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Re: Of a group of 50 households, how many have at least one cat or at
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30 Mar 2019, 22:23
Bunuel wrote: Of a group of 50 households, how many have at least one cat or at least one dog, but not both?
(1) The number of households that have at least one cat and at least one dog is 4. (2) The number of households that have no cats and no dogs is 14. It is fairly simple. You have 50 households. No of households with no cats and no dogs = 14. So 50  14 = 36 households have at least one cat or at least one dog or both. So 36 households lie in the two overlapping circles, some in yellow region (only at least 1 cat), some in blue (only at least 1 dog) and 4 in green (both). Attachment:
Screenshot 20190331 at 11.50.25.png [ 44.06 KiB  Viewed 9773 times ]
Question: "how many have at least one cat or at least one dog, but not both?" There are 4 households in both region. So number of households in yellow + blue only = 36  4 = 32
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Re: Of a group of 50 households, how many have at least one cat or at
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11 May 2019, 03:21
Are we not double counting the middle of the diagram? Is it not included when you calculate x or z since those houses are counted? For example, if z = 20 then wouldnt counting the 4 houses that have cats as well as the 4 that have dogs be double counting since we have already included them in the calculation for z? I am reading the equation as this.
P(total) = z+xy+neither



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Of a group of 50 households, how many have at least one cat or at
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05 Oct 2019, 06:28
Salsanousi wrote: Hi sakuac and pks02Please refer to the attached image I hope it helps. Posted from my mobile device Salsanousi sakuac pks02This is wrong. The correct one is in the image attached. The first statement said: The number of households that have at least one cat AND at least one dog is 4. That means the box where there's both Dog and Cat is 4. Take 50 minus Neither, minus Both, then we have Cats (not dogs) + Dogs (not cats), which is what the question is asking.
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Re: Of a group of 50 households, how many have at least one cat or at
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05 Oct 2019, 08:53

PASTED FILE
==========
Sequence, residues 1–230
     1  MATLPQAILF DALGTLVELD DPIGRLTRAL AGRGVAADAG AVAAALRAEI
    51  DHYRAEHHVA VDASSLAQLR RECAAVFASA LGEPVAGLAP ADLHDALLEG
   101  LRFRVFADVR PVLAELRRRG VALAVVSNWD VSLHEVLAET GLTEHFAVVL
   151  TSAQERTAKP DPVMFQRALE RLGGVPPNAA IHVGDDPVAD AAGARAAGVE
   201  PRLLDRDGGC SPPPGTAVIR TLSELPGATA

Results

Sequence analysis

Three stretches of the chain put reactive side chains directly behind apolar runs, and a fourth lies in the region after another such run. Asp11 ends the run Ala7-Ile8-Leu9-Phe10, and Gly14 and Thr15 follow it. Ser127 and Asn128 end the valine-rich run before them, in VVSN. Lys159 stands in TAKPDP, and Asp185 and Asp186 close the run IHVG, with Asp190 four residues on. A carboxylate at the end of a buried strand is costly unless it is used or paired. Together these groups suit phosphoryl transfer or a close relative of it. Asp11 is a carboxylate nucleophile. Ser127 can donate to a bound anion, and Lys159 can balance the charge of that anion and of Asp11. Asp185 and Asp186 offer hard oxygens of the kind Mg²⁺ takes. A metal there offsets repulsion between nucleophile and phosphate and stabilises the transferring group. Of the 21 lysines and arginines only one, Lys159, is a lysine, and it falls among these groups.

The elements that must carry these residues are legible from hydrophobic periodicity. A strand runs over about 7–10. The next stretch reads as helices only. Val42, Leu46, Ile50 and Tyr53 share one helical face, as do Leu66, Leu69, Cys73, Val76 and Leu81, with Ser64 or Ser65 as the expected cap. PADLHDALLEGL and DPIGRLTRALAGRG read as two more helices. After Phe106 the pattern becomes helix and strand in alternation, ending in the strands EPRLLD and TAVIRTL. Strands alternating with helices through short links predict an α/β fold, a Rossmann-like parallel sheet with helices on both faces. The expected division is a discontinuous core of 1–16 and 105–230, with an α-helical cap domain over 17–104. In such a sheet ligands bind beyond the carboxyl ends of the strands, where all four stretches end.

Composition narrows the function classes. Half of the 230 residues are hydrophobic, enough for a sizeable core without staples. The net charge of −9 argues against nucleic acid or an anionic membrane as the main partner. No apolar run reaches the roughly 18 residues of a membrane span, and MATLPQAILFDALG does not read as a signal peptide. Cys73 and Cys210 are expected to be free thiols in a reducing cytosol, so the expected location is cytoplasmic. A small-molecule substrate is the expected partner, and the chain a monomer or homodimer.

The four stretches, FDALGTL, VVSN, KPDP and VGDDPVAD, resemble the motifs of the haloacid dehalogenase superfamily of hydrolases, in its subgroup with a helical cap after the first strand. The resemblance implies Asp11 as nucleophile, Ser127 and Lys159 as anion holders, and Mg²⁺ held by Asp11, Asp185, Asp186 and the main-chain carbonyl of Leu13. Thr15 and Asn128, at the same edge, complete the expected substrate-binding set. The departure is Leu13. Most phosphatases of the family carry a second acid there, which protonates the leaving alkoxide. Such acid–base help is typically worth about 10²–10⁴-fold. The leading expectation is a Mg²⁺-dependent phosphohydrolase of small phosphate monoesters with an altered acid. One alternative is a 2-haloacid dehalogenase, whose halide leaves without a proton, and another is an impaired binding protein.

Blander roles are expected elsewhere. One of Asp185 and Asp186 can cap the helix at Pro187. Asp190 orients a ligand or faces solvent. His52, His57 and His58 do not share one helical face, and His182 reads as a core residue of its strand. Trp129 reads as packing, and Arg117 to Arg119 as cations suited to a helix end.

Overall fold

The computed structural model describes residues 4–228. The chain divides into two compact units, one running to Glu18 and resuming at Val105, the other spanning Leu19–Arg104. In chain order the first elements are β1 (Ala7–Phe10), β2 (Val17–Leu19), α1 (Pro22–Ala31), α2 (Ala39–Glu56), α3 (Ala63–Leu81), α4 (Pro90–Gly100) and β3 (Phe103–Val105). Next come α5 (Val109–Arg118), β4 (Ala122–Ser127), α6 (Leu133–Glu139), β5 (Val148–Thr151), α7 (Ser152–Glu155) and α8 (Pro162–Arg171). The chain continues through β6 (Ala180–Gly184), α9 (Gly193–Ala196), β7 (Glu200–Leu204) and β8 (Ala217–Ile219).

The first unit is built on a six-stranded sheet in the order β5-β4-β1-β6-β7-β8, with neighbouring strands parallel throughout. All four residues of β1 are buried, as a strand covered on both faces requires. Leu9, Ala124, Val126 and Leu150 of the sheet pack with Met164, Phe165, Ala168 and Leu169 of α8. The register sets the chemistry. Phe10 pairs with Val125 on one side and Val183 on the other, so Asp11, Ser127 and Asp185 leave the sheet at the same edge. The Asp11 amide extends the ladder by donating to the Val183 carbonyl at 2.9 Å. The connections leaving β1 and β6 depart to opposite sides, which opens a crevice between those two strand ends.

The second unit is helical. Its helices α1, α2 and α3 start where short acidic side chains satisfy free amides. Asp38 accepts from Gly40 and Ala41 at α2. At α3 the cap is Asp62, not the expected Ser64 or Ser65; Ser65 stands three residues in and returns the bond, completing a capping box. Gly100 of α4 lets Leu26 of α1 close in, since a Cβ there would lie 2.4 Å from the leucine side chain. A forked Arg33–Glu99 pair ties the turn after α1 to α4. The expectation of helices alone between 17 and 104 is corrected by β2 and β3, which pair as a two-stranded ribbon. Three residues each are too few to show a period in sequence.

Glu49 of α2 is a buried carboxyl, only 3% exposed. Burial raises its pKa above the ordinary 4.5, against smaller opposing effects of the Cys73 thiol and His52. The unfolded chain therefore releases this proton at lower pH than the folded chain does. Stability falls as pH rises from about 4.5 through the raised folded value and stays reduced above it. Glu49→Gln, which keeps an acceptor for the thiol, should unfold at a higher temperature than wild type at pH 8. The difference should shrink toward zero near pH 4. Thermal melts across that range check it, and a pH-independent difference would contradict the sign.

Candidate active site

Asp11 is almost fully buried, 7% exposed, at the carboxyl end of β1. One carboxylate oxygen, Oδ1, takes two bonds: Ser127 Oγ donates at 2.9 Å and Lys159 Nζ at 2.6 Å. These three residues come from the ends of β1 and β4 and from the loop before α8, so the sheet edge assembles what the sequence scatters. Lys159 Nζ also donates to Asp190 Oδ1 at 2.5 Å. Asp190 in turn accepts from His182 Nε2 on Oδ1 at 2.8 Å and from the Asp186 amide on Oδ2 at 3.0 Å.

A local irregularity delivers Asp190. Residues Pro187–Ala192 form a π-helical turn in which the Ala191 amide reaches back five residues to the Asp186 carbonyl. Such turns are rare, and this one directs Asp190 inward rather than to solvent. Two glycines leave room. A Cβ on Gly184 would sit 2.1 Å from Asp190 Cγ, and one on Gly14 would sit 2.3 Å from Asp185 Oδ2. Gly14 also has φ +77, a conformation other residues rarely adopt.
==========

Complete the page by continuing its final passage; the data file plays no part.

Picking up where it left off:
Bunuel wrote: Of a group of 50 households, how many have at least one cat or at least one dog, but not both?
(1) The number of households that have at least one cat and at least one dog is 4. (2) The number of households that have no cats and no dogs is 14. This is a easy q. we need number of houses that have only one animal . stmnt 1 : says about all houses with both animals. so these are substracted from 50. but it doesnt mention about houses with no animals. so, NS stmnt 2: mentions houses with no animals. so these are substracted from 50. but doesnt mention about houses with animals.. so, NS both stmnts, mentions houses with 2 animals, and no animals. so left ones are houses with one animal. hence, answer is 'C'



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Re: Of a group of 50 households, how many have at least one cat or at
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06 Apr 2020, 13:06
Why is everybody adding both instead of subtracting? Official GMAT also adds both and I'm confused as to why.
I thought the formula was Total = A + B  Both + Neither



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Re: Of a group of 50 households, how many have at least one cat or at
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07 Apr 2020, 00:37
sjung92 wrote: Why is everybody adding both instead of subtracting? Official GMAT also adds both and I'm confused as to why.
I thought the formula was Total = A + B  Both + Neither A different formula is being used here: Total = Only A + Only B + Both + Neither In the formula given by you, A includes Both and B also includes Both so we subtract out Both once. In the formula being used in this question, we are considering those who have dogs only and those who have cats only. So we add to them those who have both and those who have neither to give us the total number of people.
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Re: Of a group of 50 households, how many have at least one cat or at